Because I am an English professor and a lover of language, my mind is full of quotes, which also fill the mind of my main character, Sarah. I’m actually more familiar with poetry than novels — when I was younger I planned to become a poet, and I sometimes care about the rhythm of a sentence more than its content.  English majors who read The Widow’s Season will recognizelines that echo Wordsworth, Keats, Dylan Thomas, Wallace Stevens — there are over thirty allusions in the book, including references to several plays by Shakespeare. But the only novel I had in mind while writing was Julia Glass’s Three Junes, because she handles widowed characters with so much depth and sensitivity. The immediate inspiration for the plot came from a chapter in my dissertation on dead husbands. I studied 17th-century plays where husbands fake their deaths in order to spy on their wives — for example, Chapman’s The Widow’s Tears, and Moliere’s La Malade Imaginaire — that got me thinking about ghosts watching their widows, like the dead king in Hamlet, and conduct books that told widows to imagine their husbands were watching and judging. A quote from a 16th-century conduct books provides the epigraph for the novel. Those genres influenced me more than contemporary fiction.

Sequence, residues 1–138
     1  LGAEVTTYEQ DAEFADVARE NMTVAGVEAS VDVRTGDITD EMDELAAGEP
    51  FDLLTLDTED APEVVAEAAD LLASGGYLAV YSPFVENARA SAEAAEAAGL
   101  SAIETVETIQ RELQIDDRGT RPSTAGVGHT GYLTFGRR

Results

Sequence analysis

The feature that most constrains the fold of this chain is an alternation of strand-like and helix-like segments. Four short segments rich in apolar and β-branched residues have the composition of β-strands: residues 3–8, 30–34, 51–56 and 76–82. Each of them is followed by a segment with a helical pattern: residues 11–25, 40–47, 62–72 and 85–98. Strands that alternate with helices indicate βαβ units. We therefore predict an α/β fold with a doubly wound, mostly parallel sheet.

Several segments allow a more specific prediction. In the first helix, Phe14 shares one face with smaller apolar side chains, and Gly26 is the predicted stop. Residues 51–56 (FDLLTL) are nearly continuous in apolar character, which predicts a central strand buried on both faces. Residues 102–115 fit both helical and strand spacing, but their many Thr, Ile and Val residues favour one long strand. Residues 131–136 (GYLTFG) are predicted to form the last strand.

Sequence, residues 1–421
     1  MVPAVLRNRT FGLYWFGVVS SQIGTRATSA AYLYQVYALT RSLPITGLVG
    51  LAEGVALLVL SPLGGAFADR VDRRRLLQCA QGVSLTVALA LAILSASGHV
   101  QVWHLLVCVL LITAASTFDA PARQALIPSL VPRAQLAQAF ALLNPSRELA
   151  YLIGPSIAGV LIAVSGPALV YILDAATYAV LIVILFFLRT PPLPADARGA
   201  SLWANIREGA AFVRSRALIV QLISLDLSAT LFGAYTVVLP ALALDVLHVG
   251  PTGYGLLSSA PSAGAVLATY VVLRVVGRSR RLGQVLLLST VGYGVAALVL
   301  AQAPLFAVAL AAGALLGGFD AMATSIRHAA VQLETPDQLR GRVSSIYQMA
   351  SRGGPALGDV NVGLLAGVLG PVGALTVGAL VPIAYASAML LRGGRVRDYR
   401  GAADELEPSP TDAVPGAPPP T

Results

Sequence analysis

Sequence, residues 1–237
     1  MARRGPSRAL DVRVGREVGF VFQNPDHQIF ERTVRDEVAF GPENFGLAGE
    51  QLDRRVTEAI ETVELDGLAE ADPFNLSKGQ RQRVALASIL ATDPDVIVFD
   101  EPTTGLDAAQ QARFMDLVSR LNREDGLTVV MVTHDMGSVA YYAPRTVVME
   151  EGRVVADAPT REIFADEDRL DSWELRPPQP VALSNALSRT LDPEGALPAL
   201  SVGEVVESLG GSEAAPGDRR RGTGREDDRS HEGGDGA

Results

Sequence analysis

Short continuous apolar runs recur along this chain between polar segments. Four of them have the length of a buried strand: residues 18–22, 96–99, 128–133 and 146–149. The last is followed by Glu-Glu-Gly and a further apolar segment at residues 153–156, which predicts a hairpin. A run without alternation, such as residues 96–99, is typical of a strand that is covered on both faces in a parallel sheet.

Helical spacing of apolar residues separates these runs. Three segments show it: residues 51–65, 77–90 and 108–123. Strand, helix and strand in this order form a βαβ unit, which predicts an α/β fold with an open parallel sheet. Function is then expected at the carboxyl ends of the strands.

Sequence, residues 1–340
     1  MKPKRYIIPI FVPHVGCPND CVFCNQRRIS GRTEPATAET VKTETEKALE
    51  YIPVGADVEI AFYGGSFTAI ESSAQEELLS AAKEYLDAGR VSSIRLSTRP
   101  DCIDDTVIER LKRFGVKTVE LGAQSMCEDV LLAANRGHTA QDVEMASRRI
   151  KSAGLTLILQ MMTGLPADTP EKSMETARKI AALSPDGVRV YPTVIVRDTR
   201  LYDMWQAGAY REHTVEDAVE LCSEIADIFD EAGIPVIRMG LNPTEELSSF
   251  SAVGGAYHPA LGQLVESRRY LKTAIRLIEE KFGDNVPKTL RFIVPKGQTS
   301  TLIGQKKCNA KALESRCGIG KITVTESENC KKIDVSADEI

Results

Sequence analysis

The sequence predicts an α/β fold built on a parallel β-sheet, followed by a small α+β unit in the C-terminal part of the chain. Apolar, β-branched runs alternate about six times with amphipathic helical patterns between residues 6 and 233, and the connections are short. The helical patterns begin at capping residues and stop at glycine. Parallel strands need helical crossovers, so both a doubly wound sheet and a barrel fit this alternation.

You’ve already talked briefly about your next book, the homeschooling book. Is there another novel in the works as well? Have you discovered a preference for writing either fiction or nonfiction?

What comes next is up in the air. I’ve written fifty pages of a new novel, but I also have a few nonfiction ideas that are occupying more and more of my thoughts. When the ideas for a book start running through my mind so frequently that I begin to feel restless and anxious, that’s when I know I have to write the book.

With fiction, I enjoy the fact that I am accountable to no individual but myself. Sure, a writer is accountable to readers and editors, but a novelist has vast imaginative freedom. When I wrote my first book about VMI, I felt accountable to a whole community. I was describing a college that many people loved (or hated), a place where my husband still works — so I wanted to be both respectful and critical, and that was a difficult balance. Now, in my upcoming memoir I’ve written openly about my family and town, focusing on my eldest daughter, and I’m painfully aware of  my obligation to preserve her privacy, while also writing a compelling story. I’m perfectly comfortable revealing my own worst side in a memoir, but I want to be protective of the people around me.

Fiction appeals to me right now as a space where I can let my imagination roam without being tethered to reality.